Symmetric vs. Asymmetric LPing

A different and simpler explanation!

• Liquidity pools in DeFi commonly operate using the "Constant Product Market Maker" model, which requires an equal USD value for a pair of tokens.
• Liquidity providers use Symmetric Deposits to contribute a manually balanced amount of two tokens to a pool and Symmetric Withdrawals to retrieve them back.
• Liquidity providers use Asymmetric Deposits to contribute only one asset to a pool and Asymmetric Withdrawals to receive only one asset back, however the pool always converts and handles half of these amounts to the second asset under the hood.

When becoming a Liquidity Provider (LP), one of the most confusing concepts revolves around Symmetrical and Asymmetrical deposits or withdrawals. What are these? Why do they exist? What is the difference between them? Let’s dig in a little more.

The answer to all these questions lies in the balance formula commonly used in AMMs. Liquidity pools commonly work under the "Constant Product Market Maker" model, which means they balance a pair of assets using the equation k = x * y. In it, the variables  'x' and 'y' represent the quantities of the two tokens in the pool, and 'k' is a constant value.

In layman's terms, this means that most pools in DeFi are composed of two tokens, each with 50% of the total USD value of the pool, and that, to reduce or retire one of the tokens one needs to deposit or fill in with the other one. If you haven’t, we suggest you read our article on how AMMs work before proceeding.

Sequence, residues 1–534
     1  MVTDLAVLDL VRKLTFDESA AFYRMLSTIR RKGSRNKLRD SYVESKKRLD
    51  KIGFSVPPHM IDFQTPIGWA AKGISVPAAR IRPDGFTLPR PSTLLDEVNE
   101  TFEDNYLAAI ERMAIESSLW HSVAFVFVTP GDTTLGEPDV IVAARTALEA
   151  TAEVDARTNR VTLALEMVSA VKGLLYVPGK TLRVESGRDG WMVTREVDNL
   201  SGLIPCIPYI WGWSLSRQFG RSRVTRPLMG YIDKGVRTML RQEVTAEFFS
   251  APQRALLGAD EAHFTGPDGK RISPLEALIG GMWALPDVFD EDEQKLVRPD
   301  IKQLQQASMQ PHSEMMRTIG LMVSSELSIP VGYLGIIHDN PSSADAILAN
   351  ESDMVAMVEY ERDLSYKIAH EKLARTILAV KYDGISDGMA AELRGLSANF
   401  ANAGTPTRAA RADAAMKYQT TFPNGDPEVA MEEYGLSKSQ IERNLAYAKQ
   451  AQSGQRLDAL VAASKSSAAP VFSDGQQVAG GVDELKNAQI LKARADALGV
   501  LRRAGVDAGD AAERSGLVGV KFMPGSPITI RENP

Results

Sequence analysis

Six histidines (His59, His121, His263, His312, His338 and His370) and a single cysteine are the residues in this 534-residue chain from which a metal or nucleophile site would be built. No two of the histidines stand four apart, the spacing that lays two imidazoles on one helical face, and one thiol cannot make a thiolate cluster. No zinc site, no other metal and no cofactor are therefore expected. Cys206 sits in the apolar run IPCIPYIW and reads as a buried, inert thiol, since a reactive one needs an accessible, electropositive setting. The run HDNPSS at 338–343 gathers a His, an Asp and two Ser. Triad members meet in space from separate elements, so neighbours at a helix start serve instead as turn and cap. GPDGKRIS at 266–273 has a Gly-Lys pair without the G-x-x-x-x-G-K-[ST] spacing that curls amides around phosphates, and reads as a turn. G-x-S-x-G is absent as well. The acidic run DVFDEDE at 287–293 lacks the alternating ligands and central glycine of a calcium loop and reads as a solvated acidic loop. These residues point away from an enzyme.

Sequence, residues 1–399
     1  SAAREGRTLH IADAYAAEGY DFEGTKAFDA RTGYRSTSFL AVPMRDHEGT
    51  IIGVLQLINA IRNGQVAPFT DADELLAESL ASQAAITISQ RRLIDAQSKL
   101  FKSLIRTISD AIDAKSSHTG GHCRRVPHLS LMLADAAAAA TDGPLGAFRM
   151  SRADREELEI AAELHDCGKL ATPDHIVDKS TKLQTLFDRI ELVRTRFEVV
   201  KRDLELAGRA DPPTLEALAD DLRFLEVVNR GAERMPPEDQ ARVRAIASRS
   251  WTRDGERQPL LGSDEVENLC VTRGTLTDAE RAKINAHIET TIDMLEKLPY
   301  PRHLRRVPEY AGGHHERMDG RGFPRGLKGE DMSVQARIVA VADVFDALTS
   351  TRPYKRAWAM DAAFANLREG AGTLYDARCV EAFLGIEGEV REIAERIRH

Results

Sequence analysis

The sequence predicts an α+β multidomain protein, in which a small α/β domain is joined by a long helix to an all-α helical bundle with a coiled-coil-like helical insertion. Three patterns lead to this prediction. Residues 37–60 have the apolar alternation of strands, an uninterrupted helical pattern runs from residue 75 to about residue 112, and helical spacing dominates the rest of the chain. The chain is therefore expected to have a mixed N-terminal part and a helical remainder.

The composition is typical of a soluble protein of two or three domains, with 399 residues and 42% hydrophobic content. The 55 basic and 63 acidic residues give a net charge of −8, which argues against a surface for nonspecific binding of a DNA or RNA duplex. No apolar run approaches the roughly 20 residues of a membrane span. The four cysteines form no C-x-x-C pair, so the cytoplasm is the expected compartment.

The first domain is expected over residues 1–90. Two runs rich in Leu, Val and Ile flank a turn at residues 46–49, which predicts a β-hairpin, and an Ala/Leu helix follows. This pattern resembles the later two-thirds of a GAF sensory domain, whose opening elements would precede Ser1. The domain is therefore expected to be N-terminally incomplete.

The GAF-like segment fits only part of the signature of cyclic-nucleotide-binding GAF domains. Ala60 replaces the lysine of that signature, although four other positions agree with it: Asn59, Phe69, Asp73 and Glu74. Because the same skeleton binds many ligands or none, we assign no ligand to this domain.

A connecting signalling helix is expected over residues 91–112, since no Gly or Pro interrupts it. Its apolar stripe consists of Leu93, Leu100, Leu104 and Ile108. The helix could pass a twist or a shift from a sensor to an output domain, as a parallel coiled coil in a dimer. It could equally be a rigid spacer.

Let’s imagine that ETH is worth $100 and $CACAO is worth $1 for a moment. In this case, a balanced ETH/CACAO pool could have 1 ETH and 100 CACAOs, or 2 ETH and 200 CACAOs, or 50 ETH and 5,000 CACAOs, because all of these examples imply a ratio of 100:1, or 100 CACAOs for every one ETH.

Pools are not static of course, and their composition can sometimes be changed. Specifically, traders alter the ratio of assets in the pool because they take out one of the coins and deposit the other (i.e., they buy one coin and pay with the other), however imbalanced pools present an opportunity for smart arbitrageurs to make a profit, which means that they remain in such a state for only brief periods of time. You can read more about this behavior here.

In contrast, LPs can only increase or reduce the size of a pool if they comply with the original pool’s ratio. For instance, an LP could want to deposit 100 CACAOs and one ETH to our previous example pool, and would thus need $101 dollars. 

To achieve this, this LP could decide to manually buy the correct quantity of both tokens and then contribute them to the pool with a Symmetric Deposit, or to contribute all of his capital using only one of both assets and letting the pool split it into the appropriate ratio with an Asymmetric Deposit

Liquidity withdrawals work in the same way. Our LP could choose to retrieve their two separate assets using a Symmetric Withdrawal, or opt for an Asymmetric Withdrawal, where the pool converts the recovered liquidity into only one asset before handing it over.

Except for larger Asymmetric liquidity operations - which can incur fees or where the automatic conversion of assets alters the pool balance in a meaningful way - the difference between Symmetric and Asymmetric LPing is basically a user experience enhancement. As you can see, all deposits and withdrawals end up being balanced into the correct ratio to enter or exit a pool and, eventually, LPs exposure to yield, to both assets’ prices and even to impermanent loss remains the same.

Understanding the mechanisms of liquidity pools, including symmetric and asymmetric deposits and withdrawals, is key to successful participation in the DeFi ecosystem. That is why we write and publish a new technical Maya Academy article every week. You can join our official Discord Server to let us know what you think about these, suggest new articles and stay in touch with our growing community. See you there!